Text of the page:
Historians fault Japan on 'comfort women' flak

Updated: 2015-02-11 11:34

By Hua Shengdun in Washington(China Daily USA)

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 Historians fault Japan on 'comfort women' flak

Kim Bok-dong, a victim of the Japanese military during World War II, sits in the empty chair of the "comfort women" memorial during the unveiling ceremony in Glendale, California, on July 30, 2013. The statue is a tribute to Asian comfort women who were forced into sexual slavery by Japanese troops. Liu Yiyi / China Daily

Some American historians are urging their Japanese counterparts not to allow the Japanese government to minimize the prevalence of "comfort women" during World War II.

To mark the 70th anniversary of war's end, Japanese Prime Minister Shinzo Abe is now "pushing to put a gloss on Japan's wartime history and, in turn, to loosen some of the postwar constraints on its military", said a report in The Washington Post on Tuesday.

A public letter was signed by 19 academics from Princeton, Columbia, American University and elsewhere to be published in the March issue of Perspectives on History, a magazine of the American Historical Association.

"We stand with the many historians in Japan and elsewhere who have worked to bring to light the facts about this and other atrocities of World War II," the letter said, referring to the women who were forced into providing sexual favors to the Japanese Imperial Army in wartime.

The American historians express their dismay "at recent attempts by the Japanese government to suppress statements in history textbooks both in Japan and elsewhere", according to the letter.

An estimated 30,000 to 200,000 women from China, Korea and other Asian countries were forced to be sex slaves in the 1930s and 1940s. Chinese researchers' findings indicate the number is about 400,000, according to Peipei Qiu, professor of Chinese and Japanese and director of the Asian Studies Program at Vassar College, New York.

The issue is controversial in Asia, especially when the Japanese government recently offered a different interpretation and attempted to "get the American publishing house McGraw Hill to remove two paragraphs about comfort women from a college textbook", according to the Post.

The book, Traditions and Encounters: A Global Perspective on the Past, said the Japanese Army "forcibly recruited, conscripted and dragooned as many as 200,000 women aged 14 to 20 to serve in military brothels, called 'comfort houses' ". It also says that the Japanese military "massacred large numbers of comfort women to cover up the operation".

The dispute lingers on the number of the women coerced into sexual slavery and the precise role that Japanese troops played in their procurement during the war. Many Japanese conservatives regarded the women simply as prostitutes.

McGraw Hill declined the request, saying that "scholars are aligned behind the historical fact of comfort women" and that it "unequivocally" stands behind the book.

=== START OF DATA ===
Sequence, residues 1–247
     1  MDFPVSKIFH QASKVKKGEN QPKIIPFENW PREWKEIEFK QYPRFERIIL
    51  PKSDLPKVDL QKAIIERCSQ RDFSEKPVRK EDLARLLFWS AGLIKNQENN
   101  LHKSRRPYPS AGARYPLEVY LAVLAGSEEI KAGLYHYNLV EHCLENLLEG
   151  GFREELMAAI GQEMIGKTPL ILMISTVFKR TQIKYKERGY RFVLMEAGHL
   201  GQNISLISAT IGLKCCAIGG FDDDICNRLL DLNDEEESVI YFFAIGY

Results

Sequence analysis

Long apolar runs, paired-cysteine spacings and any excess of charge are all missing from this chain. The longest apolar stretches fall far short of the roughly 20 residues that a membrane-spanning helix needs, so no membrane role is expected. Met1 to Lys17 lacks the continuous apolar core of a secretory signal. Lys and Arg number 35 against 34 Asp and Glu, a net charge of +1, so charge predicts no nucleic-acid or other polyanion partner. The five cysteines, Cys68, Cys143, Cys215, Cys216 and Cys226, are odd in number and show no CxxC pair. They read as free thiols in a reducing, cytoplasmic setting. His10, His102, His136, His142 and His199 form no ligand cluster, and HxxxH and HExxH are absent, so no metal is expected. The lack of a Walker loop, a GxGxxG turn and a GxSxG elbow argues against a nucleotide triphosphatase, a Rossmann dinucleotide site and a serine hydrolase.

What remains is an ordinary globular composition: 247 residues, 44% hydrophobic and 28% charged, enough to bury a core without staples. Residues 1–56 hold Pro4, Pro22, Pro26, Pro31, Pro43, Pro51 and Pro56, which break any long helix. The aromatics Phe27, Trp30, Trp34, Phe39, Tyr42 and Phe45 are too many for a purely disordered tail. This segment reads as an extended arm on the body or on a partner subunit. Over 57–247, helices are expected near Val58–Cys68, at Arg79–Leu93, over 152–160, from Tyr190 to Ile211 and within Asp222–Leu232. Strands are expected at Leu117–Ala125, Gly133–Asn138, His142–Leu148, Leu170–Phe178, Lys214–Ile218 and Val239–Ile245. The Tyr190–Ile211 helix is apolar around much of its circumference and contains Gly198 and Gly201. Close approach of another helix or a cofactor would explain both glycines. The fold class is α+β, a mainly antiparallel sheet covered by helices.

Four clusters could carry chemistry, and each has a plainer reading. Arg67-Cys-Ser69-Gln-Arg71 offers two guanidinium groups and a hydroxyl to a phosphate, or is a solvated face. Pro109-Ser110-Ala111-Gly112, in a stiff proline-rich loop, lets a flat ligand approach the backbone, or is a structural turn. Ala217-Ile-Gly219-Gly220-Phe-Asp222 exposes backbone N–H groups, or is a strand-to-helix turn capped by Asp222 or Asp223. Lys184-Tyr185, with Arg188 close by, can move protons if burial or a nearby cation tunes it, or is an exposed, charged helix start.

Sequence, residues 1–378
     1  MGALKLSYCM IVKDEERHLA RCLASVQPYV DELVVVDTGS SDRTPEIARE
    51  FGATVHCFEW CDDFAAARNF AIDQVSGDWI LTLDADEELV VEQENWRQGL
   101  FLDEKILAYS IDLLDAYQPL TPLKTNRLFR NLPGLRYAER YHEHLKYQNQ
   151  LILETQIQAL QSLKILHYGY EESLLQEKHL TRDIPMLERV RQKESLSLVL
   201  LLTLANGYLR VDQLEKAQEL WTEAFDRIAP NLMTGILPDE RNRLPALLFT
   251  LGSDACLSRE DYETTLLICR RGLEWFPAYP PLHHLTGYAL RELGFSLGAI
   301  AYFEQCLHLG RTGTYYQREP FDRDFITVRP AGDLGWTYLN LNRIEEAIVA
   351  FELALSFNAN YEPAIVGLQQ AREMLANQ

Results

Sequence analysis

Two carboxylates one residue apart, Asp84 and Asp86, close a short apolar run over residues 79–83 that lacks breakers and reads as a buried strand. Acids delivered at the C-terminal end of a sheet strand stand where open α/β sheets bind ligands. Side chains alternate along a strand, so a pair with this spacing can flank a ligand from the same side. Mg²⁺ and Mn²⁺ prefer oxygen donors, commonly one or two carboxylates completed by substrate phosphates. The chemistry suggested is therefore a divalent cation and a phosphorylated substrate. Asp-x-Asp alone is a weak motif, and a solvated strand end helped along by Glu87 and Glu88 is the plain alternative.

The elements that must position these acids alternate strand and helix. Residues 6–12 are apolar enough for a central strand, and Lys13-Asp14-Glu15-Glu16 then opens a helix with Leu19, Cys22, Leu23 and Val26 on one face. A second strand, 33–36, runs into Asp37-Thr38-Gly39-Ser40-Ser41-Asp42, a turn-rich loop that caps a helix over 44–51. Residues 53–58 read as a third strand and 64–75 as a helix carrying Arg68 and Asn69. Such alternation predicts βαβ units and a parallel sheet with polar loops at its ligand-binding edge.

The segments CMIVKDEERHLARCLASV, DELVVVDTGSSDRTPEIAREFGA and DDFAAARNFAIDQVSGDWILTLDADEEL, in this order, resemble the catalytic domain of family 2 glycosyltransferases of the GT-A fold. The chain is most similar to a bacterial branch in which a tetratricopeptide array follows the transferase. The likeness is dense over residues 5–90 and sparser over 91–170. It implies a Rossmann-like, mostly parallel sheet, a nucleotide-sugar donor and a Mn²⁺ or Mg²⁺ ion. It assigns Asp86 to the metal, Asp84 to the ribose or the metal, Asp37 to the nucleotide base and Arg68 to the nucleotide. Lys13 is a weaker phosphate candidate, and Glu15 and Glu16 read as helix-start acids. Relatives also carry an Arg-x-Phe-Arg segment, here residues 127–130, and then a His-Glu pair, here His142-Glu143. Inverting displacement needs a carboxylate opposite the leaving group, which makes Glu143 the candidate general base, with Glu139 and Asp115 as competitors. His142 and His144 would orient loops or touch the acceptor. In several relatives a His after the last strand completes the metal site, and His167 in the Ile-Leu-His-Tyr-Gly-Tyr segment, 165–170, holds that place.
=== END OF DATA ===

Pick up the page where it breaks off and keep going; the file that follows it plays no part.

Herbert Ziegler, an associate professor at the University of Hawaii and co-author of the textbook, said that he got an e-mail late last year from an official of the Japanese Consulate General in Hawaii.

The Japanese side requested a discussion about the passages, which Ziegler called "an infringement of my freedom of speech and my academic freedom".

She co-authored a book called Chinese Comfort Women: Testimonies from Imperial Japan's Sex Slaves, with Su Zhiliang and Chen Lifei, two scholars based in Shanghai, China.

The book, which is the first English-language account of the women's ordeal, features personal narratives of 12 victims and was published last year by the Oxford University Press as part of the Oxford Oral History Series.

Qiu said in her book launch at the Johns Hopkins School of Advanced International Studies that if the wounded failed to be recognized by history, it would be a new wound for them.

"Human sufferings of such magnitude cannot, and should not, be dismissed," she said.

Pedro Chan, an adviser to the Pacific Aviation Museum, Pearl Harbor, Hawaii; the Chinese American Museum of Los Angeles; and the Flying Tigers Historical Organization in the US, collected photos of the women and supported a World War II memorial statue in California last year.

"The Japanese always deny what they did or downgrade their crimes in the war," Chan said. "They wanted to remove the statue from the park, and I testified that there is a freedom of speech for the Korean and Chinese."

A 1,100-pound statue of comfort women in the central park of Glendale, California, was a gift from South Koreans in July 2013 to honor the women. Glendale is a sister city of Goseong and Gimpo of South Korea.

A federal judge dismissed a lawsuit against the city that sought the removal of the statue, saying that the statue's opponents were unable to show that the memorial caused them harm, and Glendale didn't break any laws by erecting it in the park, according to a court order signed in August US District Court Judge Percy Anderson.

Sheng Yang in Washington contributed to this story.